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Evolutionary InnovationsThe Business of Biotechnology$
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Maureen McKelvey

Print publication date: 2000

Print ISBN-13: 9780198297246

Published to Oxford Scholarship Online: October 2011

DOI: 10.1093/acprof:oso/9780198297246.001.0001

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Conclusions for Evolutionary Economics

Conclusions for Evolutionary Economics

Chapter:
(p.256) 9 Conclusions for Evolutionary Economics
Source:
Evolutionary Innovations
Author(s):

Maureen D. McKelvey

Publisher:
Oxford University Press
DOI:10.1093/acprof:oso/9780198297246.003.0009

This chapter discusses the book's description of parallel technological innovation processes which made possible the early commercial uses of genetic engineering for pharmaceuticals. The focus here has been on knowledge-seeking activities which led to results that agents could use to generate and select from alternative paths of development. The book examines technological innovation processes, which have a crucial and central role in market competition and economic change. Evolutionary economists argue that new technologies are important factors in determining the long-term viability and growth of an economy as well as the probability that individual firms will successfully compete over time. The relative importance of firms' competences versus their perceptions of opportunities is discussed here. This is placed in relation to how and why firms generate novelty leading to diversity. It is argued that the technological innovation processes described here follow an evolutionary pattern of change. One reason why evolutionary theory can be relevant for social science theory about innovations is that evolution gives us a metaphor for thinking about qualitative change.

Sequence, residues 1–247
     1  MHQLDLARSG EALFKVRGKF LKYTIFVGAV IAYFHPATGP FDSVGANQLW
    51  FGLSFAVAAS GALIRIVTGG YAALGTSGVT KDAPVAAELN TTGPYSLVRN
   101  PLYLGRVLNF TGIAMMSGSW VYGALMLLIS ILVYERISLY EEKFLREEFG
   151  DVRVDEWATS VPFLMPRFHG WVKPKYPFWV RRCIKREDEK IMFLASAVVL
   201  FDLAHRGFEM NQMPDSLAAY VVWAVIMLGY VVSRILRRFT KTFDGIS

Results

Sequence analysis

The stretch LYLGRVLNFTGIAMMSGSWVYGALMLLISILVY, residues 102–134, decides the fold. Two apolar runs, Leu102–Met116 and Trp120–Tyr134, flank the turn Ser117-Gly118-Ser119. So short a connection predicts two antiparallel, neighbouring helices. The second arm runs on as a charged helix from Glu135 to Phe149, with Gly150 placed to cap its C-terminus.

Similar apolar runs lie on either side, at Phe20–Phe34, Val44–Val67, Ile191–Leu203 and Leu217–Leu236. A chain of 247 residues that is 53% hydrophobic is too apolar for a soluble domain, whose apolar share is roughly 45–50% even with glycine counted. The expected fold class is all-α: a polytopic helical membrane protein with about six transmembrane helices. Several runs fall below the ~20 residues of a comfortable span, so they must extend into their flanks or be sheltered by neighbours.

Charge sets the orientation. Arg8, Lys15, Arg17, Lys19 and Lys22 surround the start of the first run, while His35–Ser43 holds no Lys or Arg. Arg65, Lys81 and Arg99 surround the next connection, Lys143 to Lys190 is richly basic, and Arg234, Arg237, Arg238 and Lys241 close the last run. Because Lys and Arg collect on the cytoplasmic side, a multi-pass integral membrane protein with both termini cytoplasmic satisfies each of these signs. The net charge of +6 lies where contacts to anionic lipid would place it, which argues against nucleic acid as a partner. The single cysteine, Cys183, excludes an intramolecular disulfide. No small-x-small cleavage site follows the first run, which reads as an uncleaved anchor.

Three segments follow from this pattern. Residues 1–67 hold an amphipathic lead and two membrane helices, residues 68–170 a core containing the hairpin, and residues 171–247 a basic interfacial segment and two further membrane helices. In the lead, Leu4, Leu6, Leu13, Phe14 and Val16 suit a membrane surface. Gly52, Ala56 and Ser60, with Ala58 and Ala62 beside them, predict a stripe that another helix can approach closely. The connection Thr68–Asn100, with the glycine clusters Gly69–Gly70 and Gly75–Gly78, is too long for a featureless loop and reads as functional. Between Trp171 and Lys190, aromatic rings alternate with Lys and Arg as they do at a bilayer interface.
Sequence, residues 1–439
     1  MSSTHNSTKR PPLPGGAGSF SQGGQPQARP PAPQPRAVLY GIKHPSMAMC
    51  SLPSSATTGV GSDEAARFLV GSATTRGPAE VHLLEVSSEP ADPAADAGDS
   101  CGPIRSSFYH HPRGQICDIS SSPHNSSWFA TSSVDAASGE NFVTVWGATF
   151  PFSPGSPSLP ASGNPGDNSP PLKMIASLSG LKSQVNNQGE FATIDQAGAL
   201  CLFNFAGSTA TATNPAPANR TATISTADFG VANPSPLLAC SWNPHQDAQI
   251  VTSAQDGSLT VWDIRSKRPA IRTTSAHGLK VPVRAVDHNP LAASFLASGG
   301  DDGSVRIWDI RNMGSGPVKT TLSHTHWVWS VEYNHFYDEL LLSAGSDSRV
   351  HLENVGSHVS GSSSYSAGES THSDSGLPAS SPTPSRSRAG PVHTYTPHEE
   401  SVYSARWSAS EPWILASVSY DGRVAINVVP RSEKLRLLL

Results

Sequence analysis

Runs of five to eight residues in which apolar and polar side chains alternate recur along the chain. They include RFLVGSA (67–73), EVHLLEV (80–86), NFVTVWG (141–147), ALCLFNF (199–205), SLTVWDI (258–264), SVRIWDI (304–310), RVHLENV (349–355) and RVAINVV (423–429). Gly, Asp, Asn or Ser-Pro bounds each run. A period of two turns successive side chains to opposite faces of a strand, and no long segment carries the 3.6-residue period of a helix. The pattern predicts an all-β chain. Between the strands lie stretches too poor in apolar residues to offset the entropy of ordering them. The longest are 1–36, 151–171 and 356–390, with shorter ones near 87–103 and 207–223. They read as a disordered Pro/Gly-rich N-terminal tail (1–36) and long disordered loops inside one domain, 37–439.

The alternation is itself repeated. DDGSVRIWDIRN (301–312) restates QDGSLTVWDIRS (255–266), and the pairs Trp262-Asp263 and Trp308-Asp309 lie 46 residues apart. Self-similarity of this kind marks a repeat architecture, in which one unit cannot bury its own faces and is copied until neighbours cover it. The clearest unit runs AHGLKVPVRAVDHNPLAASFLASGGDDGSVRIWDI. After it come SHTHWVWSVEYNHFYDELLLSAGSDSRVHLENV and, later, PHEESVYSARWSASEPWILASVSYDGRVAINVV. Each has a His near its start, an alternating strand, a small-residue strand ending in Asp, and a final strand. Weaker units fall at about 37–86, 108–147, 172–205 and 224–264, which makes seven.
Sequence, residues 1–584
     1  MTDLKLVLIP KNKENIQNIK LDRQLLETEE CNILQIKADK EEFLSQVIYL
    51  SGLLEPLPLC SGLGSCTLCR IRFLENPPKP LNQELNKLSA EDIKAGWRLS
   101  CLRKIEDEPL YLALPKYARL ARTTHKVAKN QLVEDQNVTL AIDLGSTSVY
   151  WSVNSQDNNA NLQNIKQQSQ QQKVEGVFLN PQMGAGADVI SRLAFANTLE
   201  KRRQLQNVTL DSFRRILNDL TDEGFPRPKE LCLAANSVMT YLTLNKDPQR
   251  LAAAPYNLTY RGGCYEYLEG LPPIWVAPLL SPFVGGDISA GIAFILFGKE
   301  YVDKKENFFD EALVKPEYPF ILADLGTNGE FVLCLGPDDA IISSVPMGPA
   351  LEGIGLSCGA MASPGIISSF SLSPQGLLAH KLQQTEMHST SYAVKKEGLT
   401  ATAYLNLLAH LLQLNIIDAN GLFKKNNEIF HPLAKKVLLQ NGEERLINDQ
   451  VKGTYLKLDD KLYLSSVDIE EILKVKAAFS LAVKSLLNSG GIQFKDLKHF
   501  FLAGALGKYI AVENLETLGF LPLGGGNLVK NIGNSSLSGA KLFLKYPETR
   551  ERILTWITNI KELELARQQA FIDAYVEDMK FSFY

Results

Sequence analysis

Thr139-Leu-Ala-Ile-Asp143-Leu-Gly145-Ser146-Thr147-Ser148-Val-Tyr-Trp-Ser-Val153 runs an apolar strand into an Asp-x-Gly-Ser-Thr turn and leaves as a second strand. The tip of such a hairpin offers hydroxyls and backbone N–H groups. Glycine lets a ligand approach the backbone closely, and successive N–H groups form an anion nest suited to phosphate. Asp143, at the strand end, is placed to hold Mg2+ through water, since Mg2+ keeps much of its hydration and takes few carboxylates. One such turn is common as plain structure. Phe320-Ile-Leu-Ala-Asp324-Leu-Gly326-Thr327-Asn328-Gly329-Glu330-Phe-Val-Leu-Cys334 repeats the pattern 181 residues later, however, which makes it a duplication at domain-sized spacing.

Keywords:   technological innovation, pharmaceuticals, evolutionary economics, diversity

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